Recently I looked at an old 3-LED VistaLite rear light and thought about chucking it and buying one of the new VistaLite Super Nebulas, a 5-LED light which is supposedly even brighter than their previous 5-LED light (the one with the silver plastic reflector behind the LEDs).
Modified VistaLite: the 60° LED is in the middle
But I decided to try to upgrade the LEDs on it instead. The circuit board is easy to get at, you just remove a couple of screws and you can flip it over to look at the backside. Looking closely at the circuit board, I found that the power tracks were parallel and the LEDs straddled it, and there were holes for 5 LEDs!
I went to Maplin and bought some Hyperbright and Extreme brightness LEDs. The Hyperbright ones had a 30° viewing angle and light output of 3.5 candles, and the Extreme brightness ones an 8° viewing angle and light output of 7 candles.
Installing the new LEDs was easy. Both the LEDs I took out and the new ones had a flat edge, so I put the new ones in so the flat edge was the same place as flat edge of the old ones.
The Hyperbright ones were both brighter and had a wider viewing angle than the ones that were in it before. A definite win. I installed one Extreme brightness LED, but it had such a narrow viewing angle that most of the time it weren't contributing anything to the light output. So I removed it.
Still curious, I went back to Maplin, wanting to try out their 60° (1.5 candle) Hyperbright LEDs. I bought a few, but was a bit disturbed to find out that they had three legs and a completely round top. The shop guy said that they were basically two LED devices stuck into one clear plastic package. The Maplin catalog says that the LEDs share a common cathode (not that that means much to me) so there were three legs, not four.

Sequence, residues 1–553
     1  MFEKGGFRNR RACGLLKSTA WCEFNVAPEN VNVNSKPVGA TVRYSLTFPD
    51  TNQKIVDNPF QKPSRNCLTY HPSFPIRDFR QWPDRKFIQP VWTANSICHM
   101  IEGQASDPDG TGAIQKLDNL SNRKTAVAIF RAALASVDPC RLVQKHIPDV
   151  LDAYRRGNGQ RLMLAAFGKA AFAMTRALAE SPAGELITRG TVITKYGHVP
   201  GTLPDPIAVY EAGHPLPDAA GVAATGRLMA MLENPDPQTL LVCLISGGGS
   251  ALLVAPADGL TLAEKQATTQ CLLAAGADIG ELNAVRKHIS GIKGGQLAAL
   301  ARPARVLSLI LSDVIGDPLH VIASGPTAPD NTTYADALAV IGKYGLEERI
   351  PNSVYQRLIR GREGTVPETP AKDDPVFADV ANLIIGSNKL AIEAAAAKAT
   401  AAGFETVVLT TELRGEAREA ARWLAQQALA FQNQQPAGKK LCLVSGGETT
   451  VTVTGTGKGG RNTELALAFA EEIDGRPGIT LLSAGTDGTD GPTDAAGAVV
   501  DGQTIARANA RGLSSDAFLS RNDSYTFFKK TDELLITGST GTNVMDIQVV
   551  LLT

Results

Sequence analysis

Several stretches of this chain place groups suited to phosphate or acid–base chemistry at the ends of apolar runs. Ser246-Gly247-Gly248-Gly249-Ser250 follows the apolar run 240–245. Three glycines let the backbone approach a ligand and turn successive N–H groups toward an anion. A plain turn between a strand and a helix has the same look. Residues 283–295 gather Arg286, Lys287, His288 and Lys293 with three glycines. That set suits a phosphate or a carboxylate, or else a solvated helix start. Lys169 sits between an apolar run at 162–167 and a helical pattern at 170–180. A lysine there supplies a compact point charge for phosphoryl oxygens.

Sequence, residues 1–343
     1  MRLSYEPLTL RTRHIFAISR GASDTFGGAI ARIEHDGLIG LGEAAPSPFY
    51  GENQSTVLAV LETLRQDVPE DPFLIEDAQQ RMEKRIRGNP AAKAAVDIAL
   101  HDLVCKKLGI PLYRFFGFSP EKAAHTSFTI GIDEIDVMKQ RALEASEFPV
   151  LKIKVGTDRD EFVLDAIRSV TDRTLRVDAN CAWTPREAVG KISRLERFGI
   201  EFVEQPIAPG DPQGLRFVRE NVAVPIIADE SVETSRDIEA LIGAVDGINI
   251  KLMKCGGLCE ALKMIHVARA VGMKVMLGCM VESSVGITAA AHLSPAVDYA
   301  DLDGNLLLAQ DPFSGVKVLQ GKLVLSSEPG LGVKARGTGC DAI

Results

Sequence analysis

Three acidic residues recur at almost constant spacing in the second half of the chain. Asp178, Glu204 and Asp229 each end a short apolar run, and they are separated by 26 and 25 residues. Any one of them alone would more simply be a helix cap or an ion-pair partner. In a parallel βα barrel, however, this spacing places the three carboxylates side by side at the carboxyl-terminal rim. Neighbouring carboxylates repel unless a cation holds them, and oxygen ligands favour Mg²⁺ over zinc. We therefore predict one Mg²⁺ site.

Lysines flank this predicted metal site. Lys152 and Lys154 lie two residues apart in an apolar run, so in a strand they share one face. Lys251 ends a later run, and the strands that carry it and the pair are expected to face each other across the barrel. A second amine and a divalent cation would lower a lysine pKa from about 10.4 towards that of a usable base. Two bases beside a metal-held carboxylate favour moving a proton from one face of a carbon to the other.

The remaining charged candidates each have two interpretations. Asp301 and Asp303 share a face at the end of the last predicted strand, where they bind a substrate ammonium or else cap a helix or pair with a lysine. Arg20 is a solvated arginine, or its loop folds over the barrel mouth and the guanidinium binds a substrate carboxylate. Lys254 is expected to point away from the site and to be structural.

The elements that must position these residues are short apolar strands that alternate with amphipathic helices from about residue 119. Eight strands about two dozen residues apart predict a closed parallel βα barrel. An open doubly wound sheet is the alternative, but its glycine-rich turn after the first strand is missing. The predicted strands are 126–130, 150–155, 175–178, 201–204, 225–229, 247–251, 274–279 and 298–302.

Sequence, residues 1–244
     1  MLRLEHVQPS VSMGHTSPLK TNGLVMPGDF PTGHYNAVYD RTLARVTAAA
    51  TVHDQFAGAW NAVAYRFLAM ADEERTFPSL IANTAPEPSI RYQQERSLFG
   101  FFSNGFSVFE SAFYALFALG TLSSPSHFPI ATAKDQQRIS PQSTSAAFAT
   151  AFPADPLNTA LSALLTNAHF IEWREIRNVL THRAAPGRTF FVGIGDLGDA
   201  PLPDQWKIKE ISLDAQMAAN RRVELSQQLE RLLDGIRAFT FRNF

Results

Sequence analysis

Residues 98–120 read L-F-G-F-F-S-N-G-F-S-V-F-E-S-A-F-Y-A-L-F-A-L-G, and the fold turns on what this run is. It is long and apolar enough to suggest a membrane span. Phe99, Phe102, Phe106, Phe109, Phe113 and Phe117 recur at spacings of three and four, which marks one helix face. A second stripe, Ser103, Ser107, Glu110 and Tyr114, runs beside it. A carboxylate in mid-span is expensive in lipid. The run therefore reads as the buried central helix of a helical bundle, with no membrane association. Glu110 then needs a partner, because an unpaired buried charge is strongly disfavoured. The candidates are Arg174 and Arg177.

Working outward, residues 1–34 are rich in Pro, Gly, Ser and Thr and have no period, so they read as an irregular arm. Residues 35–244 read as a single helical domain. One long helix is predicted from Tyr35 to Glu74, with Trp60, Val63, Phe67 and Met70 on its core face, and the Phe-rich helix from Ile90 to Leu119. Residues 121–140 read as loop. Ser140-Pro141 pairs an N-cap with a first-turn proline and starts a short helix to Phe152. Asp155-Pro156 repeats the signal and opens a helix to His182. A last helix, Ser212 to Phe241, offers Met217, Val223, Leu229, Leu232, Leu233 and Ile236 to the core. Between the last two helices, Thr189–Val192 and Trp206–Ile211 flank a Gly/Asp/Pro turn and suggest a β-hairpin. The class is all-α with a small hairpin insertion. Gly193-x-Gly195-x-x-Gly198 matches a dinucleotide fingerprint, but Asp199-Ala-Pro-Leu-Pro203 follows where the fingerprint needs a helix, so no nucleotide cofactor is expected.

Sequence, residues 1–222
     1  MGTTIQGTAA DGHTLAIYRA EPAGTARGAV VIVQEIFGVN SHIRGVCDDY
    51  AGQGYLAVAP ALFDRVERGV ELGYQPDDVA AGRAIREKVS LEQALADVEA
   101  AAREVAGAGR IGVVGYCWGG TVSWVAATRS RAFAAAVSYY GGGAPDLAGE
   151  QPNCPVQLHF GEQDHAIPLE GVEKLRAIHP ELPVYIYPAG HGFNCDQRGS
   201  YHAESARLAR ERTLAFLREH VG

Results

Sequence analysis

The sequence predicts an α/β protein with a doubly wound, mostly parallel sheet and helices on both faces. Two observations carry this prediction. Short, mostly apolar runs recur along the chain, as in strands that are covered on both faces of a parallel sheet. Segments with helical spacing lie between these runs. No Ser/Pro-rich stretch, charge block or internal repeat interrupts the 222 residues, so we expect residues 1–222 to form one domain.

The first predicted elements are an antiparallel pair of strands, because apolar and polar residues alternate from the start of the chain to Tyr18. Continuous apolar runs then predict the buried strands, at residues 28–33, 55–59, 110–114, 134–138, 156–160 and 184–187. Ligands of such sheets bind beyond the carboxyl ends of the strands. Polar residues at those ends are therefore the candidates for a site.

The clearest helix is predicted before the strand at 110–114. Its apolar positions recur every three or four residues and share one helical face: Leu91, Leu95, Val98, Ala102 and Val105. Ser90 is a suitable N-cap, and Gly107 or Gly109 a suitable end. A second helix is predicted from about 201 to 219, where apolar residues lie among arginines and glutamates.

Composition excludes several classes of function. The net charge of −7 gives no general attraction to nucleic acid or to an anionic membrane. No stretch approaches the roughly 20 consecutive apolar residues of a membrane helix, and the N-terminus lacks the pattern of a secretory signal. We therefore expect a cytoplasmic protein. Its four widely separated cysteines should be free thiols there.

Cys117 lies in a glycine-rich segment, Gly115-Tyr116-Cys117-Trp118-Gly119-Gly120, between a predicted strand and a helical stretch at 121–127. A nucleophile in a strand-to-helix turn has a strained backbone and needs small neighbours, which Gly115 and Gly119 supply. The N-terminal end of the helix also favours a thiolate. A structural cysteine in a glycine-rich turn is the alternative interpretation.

The longer middle leg of the 60° LED (top) corresponds with the longer leg of the 30° LED (bottom).
So I had to figure out how to install three legs into two holes. I guessed that the longer leg on the three-leg LED (the shared leg of the two devices, which was the middle leg) corresponded with the longer leg on the normal LEDs. So I soldered the two outside legs of the 60° LED together and cut one of them off. I soldered the LED into the circuit board with the remaining side leg attached to the place I'd put the flat parts of the normal LED, and the longer middle leg on the other side.
(The Maplin catalog says that the 60° LEDs have a common cathode, and they also say that the cathode is the part marked with a short lead and the flat spot on a normal LED . However, the shared leg of the 60° LEDs was definitely the middle leg, and it was longer, and it clearly corresponded with the longer lead on the normal LED. So they've got something wrong there! At any rate, the positive voltage needs to be applied to the longer legs and the negative voltage to the shorter legs for both the normal and wide-angle LEDs I got.)
I held the modified VistaLite about 1" from the wall to see the beam pattern.